Rachel is one of those believing that Kurt is a bad seed. And she made it her personal mission to try keeping him from planting that seed in Blaine while they were together. She’s over the house more often, previously under the same impression as Finn that Kurt has lost his bite with the full use of his leg. She learned quickly his teeth are still intact when she sat down beside him one day with the intention of having a heart-to-heart about Blaine. She hasn’t tried again since. Instead, she hauls Finn into the kitchen where she can be overheard and suggests introducing Blaine to her friend Gavroche and maybe double dating. Finn, to his credit, always calls her out on being “way uncool, Rach” which might be why Kurt considers letting him off the hook about his hovering habits.
Kurt’s seeing what he can do about convincing his father to install a chairlift so he can hide when she’s over. No progress on that front yet, but he’s becoming less clumsy with his crutches, so he can at least hobble across the street to hang out with Papa Anderson, home most days since he’s only teaching a web class this summer. He keeps hoping he’ll run into Blaine, but the kid’s either always out or purposely avoiding him. Or always out in order to avoid him. Probably that.
Blaine volunteers his time and talent to children, pets, and the elderly all year round. He’s just the Beaver June and Ward always wanted, and it kind of drives Kurt up the wall that he can’t stop thinking he’s lost a real catch. But – fuck that noise – Kurt’s a catch, too. He’s surly and sarcastic, but he’s driven and loyal and – shit, man – he likes old people too.
He’s lying on the Anderson’s couch, watching TV with Miss Kitty atop his belly, waiting for Matt to come home from a run to the post office when he hears Blaine’s pattern of footsteps coming downstairs. And then he hears the sharp intake of breath and the sigh that follows.
“Kurt. What are you doing here?”
“Your dad’s making that salad pizza thing for lunch,” he responds, and Blaine looks anything but satisfied with it.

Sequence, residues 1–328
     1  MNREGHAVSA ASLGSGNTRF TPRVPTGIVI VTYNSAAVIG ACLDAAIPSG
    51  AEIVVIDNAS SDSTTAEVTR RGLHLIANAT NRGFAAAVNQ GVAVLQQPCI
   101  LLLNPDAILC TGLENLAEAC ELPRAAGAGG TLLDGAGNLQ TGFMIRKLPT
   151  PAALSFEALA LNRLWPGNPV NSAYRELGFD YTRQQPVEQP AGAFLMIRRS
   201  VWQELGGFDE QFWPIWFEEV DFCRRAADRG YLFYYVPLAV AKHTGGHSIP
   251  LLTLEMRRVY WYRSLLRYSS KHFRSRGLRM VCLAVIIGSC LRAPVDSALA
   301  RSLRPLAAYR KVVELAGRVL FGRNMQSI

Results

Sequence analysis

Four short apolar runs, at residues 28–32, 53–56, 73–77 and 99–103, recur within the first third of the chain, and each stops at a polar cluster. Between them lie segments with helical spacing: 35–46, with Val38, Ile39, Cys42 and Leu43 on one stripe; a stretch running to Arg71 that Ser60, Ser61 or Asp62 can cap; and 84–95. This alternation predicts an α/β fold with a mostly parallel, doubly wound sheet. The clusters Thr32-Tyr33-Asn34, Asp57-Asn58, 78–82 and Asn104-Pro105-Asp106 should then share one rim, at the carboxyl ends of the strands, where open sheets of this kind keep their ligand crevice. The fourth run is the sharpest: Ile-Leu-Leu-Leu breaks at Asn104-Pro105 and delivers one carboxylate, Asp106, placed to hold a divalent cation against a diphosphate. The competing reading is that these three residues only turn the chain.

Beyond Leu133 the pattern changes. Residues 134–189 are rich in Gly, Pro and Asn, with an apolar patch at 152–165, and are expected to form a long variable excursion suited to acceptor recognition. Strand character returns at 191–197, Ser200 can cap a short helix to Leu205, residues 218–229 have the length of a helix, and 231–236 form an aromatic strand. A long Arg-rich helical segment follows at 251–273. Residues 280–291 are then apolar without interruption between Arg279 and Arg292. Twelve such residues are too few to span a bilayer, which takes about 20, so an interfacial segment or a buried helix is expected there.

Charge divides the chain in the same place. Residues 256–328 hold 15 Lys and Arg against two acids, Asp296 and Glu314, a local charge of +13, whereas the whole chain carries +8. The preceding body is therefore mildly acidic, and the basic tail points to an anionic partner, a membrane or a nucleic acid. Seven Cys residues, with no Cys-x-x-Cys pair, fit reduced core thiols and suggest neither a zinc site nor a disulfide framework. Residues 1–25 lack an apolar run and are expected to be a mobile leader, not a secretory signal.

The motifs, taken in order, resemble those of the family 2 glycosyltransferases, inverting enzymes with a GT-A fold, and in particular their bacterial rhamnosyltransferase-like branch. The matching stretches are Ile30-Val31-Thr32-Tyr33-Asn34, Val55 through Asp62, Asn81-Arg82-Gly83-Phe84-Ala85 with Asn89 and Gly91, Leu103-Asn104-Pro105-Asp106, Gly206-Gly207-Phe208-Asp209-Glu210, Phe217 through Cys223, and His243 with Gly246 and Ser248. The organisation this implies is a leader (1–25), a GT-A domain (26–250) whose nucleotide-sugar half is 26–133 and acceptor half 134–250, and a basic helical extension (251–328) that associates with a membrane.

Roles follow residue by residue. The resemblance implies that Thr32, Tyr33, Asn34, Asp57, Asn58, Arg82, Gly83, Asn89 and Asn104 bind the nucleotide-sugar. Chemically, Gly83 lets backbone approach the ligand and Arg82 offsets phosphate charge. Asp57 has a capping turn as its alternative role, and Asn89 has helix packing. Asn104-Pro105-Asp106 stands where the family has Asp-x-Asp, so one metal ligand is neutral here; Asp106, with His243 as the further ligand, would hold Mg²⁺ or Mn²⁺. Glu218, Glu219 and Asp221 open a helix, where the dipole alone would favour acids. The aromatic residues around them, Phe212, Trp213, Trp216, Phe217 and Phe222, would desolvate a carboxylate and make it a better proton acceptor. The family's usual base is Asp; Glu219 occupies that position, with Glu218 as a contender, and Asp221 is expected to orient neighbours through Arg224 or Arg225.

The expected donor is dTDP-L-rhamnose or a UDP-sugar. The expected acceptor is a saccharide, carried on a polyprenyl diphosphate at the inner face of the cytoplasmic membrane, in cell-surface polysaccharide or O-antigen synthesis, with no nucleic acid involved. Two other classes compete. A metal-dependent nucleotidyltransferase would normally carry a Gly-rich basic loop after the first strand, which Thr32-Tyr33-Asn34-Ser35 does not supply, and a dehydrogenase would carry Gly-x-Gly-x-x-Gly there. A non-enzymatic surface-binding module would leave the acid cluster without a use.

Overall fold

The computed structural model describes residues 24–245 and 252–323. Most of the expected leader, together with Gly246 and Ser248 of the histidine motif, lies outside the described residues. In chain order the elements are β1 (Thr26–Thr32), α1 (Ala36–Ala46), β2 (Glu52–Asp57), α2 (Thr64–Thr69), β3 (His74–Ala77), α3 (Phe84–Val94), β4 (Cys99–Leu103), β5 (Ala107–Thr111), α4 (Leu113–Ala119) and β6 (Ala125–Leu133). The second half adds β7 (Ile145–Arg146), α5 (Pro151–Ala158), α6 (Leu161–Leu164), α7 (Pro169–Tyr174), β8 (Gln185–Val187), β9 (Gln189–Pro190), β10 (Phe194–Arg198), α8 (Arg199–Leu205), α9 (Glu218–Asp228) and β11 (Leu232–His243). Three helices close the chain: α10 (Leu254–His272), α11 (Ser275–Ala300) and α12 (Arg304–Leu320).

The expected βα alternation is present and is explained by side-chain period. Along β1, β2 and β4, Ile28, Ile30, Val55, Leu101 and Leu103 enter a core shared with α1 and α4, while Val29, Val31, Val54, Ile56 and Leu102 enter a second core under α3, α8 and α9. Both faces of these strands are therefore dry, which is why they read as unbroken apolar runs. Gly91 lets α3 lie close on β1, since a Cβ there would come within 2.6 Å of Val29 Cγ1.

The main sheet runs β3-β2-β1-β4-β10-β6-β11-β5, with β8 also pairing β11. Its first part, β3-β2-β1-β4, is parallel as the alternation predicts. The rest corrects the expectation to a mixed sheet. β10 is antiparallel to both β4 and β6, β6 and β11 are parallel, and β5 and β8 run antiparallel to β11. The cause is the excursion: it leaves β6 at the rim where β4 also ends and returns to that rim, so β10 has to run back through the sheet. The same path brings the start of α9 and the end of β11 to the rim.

“It’s weird that you’re here.”
“Far as I can tell, I’m here more often than you are. It’s weird seeing you.”
Blaine turns back toward the stairs, aborting whatever plan he’d had before seeing his ex-boyfriend sprawled out on his couch. It’s too fucking awkward to go from being somebody’s someone to being their nothing. It’s too false. Blaine still matters to Kurt; unless Kurt never mattered to Blaine, they shouldn’t be averse to spending an entire minute together without wanting to run away.
“Blaine, wait,” he groans pulling himself up to sit. He places both hands beneath the knee of his bad leg and hauls it over the edge of his seat, grateful when he looks up to see Blaine is still standing by. Blaine eyes twitch away from staring at the decorated plaster cast, littered in writing and art ranging from disturbingly perverse to genuinely artistic, courtesy of his friends.
Kurt has taken to wearing shorts, not as if he has much choice – they’re the most comfortable bottoms other than Blaine that he can get in and out of easily. His love of wearing skinnies took a hit the same time he did. He pinched a pair of yoga shorts Quinn left at his house and wears them as often as he can clean them. But today, he’s stuck in a pair he had to construct himself because men’s shorts are seriously lacking in style. They’re long enough to cover the tattoo wrapped around Kurt’s thigh, but Blaine’s eyes still flicker to the spot where he’s pressed his adept fingers teasingly into the warped piano keys before he pulls them up to meet Kurt’s.
“We should talk.”
“Little late for that.”
“You’ve been avoiding me. Which I get. But this is stupid.”
“It’s not stupid, it just hurts.”
“Then if it’s stupid, why talk about it?”
“So we can get past the stupid and be – friends. Or cordial, at least.”
“This isn’t cordial enough?”
“Beav,” he groans, quickly fed up with having to climb the wall Blaine’s putting between them. “Work with me.”
“We’re not together anymore.”
“No shit, really?”
Blaine huffs, and goes back upstairs where Kurt can’t chase him without hurting himself. Not that he’d be in any better a position with Blaine if he could risk the stairs, but it would be nice if he could try. It’d be really nice if he could even just scratch the permanent itch beneath his cast because, miraculously, Blaine has turned out to be the least of his troubles.
Kurt’s drunk on wine he tsk tsk’d Mr. A about while tapping his glass for another round. It’s late, dark outside and cooling off now the sun has gone down.
Blaine is trailing behind him, an unwilling volunteer to help him get home without passing out or falling over. They don’t speak. Blaine doesn’t touch him, lets him work his way along with a crutch beneath each arm, watching closely to see if he’s needed. Finally stepping in when Kurt falters sideways halfway through the street.